Even sketchier is information on what types of organization are acquired first, but anecdotal information and research  suggests that even young children understand chronological information, making narratives the easiest type of student writing. Persuasive writing usually requires logical thinking and studies in child development indicate that logical thinking is not present until a child is 10–12 years old, making it one of the later writing skills to acquire. Before this age, persuasive writing will rely mostly on emotional arguments.
I would argue however, that the most important aspect to consider is relevance to your audience. I appreciate that speakers communicate better on topics that they really care about, but even an enthusastic speaker wouldn’t be able to hold an audience’s attention on irrelevant content.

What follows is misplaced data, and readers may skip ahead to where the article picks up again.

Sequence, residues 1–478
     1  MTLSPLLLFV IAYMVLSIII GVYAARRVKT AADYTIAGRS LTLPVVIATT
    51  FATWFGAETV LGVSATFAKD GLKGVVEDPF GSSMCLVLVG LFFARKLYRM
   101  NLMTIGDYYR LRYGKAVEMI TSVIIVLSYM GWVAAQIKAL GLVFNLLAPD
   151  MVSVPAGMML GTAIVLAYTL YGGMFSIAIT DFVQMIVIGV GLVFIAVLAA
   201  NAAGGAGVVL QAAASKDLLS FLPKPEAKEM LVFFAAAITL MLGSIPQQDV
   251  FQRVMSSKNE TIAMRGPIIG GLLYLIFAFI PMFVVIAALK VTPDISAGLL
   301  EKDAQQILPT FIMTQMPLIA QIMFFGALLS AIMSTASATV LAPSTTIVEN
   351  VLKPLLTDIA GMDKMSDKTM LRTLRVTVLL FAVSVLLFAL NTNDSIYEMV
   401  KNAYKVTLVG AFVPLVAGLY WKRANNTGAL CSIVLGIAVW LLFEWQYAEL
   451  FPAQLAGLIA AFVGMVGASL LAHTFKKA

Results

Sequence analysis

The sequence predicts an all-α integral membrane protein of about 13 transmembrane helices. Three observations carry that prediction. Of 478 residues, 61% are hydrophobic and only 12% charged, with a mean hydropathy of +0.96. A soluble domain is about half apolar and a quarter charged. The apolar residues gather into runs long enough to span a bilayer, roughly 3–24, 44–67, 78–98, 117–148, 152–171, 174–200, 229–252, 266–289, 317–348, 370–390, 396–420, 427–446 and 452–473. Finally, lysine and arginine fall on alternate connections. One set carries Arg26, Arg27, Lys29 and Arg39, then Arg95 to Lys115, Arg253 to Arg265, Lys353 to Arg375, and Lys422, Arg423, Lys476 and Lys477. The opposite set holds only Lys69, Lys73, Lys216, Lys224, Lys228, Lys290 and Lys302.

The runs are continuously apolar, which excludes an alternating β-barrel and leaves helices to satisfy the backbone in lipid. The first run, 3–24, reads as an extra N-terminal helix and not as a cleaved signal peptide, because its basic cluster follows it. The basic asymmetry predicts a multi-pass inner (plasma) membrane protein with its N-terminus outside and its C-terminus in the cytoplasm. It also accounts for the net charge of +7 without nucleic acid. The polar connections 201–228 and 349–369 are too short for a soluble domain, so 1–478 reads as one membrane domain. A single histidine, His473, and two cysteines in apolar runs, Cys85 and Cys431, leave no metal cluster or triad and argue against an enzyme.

Of course, presentations should ideally satisfy all three criteria – but in practice, I’m sure that these defining lines aren’t quite so clear. In this case, I’d suggest that it’s more important to focus on producing content that will keep the audience riveted, rather than something that would keep you rivited – and lack of specific knowledge of a topic just calls for more research!